Python's Requests OAuth2 (Open Authentication) plugin
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README.md

requests-oauth2

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OAuth v2.0 support for kennethreitz's well-known Requests library.

This library wants to provide the simplest and easiest way to do OAuth2 in Python. OAuth2 is much easier to do than old OAuth1.0, and likewise this library is simple, free of cruft, and practical in everyday use. If you are looking for a way of doing OAuth 1.0, see requests-oauth.

Authors: see AUTHORS.

License: BSD

Examples: with Flask.

OAuth2 web app flow - the theory

Skip this if you know how OAuth2 works.

  1. Your web app (Foo) allows users to log in with their Qux account. Qux here is a service provider; they gave you a client ID and a secret key, which Foo stores somewhere on the backend. Qux and Foo pre-agree on some redirect URI.
  2. User visits Foo's login screen, e.g. https://www.foo.example/login
  3. Foo redirects users to Qux's Authorization URL, e.g. https://api.qux.example/oauth/authorize
  4. User is presented with Qux's consent screen, where they review the scope of requested permissions, and either allow or deny access.
  5. Once access is granted, Qux redirects back to Foo via the redirect URI that they both agreed upon beforehand, supplying the code.
  6. Foo exchanges the code for an access token. The access token can be used by Foo to make API calls to Qux on user's behalf.

Usage example

Look into the examples directory for fully integrated, working examples.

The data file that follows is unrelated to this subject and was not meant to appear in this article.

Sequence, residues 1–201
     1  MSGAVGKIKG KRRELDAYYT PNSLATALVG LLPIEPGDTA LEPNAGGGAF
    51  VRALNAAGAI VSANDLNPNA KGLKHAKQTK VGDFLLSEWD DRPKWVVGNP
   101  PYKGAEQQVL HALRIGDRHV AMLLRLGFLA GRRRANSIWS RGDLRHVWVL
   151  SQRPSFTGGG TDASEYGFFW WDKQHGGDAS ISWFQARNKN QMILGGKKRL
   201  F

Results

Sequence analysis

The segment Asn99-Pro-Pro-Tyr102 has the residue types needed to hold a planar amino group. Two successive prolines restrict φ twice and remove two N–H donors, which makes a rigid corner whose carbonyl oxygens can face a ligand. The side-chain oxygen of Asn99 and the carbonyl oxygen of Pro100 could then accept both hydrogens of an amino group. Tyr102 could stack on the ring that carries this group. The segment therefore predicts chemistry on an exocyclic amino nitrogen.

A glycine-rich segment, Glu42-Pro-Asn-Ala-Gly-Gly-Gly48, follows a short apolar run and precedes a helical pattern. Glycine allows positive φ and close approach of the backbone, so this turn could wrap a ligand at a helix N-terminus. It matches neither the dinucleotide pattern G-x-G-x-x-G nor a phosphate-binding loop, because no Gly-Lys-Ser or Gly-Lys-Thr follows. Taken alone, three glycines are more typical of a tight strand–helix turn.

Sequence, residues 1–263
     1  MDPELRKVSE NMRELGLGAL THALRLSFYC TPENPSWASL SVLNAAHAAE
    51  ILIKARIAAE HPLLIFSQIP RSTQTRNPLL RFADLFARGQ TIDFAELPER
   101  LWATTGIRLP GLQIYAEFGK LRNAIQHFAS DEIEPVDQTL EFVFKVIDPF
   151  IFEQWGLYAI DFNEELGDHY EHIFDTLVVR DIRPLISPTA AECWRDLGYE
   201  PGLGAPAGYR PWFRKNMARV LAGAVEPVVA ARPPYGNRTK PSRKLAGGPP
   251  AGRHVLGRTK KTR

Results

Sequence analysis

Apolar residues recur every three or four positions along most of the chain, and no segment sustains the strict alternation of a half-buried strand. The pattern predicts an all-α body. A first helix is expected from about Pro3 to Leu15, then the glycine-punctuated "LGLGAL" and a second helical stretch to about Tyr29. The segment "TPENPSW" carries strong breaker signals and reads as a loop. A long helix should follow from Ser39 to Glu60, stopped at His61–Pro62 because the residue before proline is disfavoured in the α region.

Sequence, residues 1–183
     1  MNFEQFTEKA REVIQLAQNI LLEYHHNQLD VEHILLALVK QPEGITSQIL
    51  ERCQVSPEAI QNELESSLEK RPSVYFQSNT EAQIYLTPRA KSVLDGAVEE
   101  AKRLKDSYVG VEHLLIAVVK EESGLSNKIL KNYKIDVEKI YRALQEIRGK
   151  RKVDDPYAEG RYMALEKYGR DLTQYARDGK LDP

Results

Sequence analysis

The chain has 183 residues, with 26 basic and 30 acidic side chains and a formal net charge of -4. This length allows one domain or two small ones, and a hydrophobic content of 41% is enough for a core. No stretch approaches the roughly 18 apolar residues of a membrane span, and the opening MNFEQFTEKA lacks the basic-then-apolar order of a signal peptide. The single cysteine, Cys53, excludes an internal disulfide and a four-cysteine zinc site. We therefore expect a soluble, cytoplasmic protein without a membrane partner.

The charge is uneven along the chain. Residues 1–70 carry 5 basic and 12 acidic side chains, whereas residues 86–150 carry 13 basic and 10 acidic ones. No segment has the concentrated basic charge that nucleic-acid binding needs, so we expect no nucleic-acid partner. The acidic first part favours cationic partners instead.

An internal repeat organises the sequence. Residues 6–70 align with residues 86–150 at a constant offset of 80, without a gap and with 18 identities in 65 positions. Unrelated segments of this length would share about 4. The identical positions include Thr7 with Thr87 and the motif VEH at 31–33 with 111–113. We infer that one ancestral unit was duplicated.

Some providers are included out of the box, but adding more is quite easy. In this example, we'll get started with Google.

You will find Client ID & secret (point 1 above) in your Google API console.

You must choose the redirect URI, which must be handled by your web app.

from requests_oauth2.services import GoogleClient
google_auth = GoogleClient(
    client_id="your-google-client-id",
    client_secret="super-secret",
    redirect_uri="http://localhost:5000/google/oauth2callback",
)

When the user visits the login page (point 2), we'll build an authorization URL (point 3) that will direct the user to Google's consent screen, asking to grant the specified scopes (point 4):

authorization_url = google_auth.authorize_url(
    scope=["email"],
    response_type="code",
)

Once the user clicks "allow", Google will redirect them to the redirect URI (point 5), which will include the code as one of the query string parameters:

http://localhost:5000/google/oauth2callback?code=...

The code will be used to request an access token (point 6), necessary for all following requests to the API:

code = get_request_parameter("code")  # this depends on your web framework!
data = google_auth.get_token(
    code=code,
    grant_type="authorization_code",
)

You can store it somewhere for later use, e.g. in the session, or in the database:

session["access_token"] = data["access_token"]

The exact method for supplying the access token varies from one provider to another. One popular method (supported by Google) is via the Bearer header. There's a helper shortcut for this:

from requests_oauth2 import OAuth2BearerToken

with requests.Session() as s:
    s.auth = OAuth2BearerToken(access_token)
    r = s.get("https://www.googleapis.com/plus/v1/people/me")
    r.raise_for_status()
    data = r.json()

Other providers, such as Facebook, allow the access token to be passed as a request parameter (in the query string). You would so something like this:

from requests_oauth2 import OAuth2BearerToken

with requests.Session() as s:
    s.params = {"access_token": response["access_token"]}
    r = s.get("https://graph.facebook.com/me")
    r.raise_for_status()
    data = r.json()

Interesting readings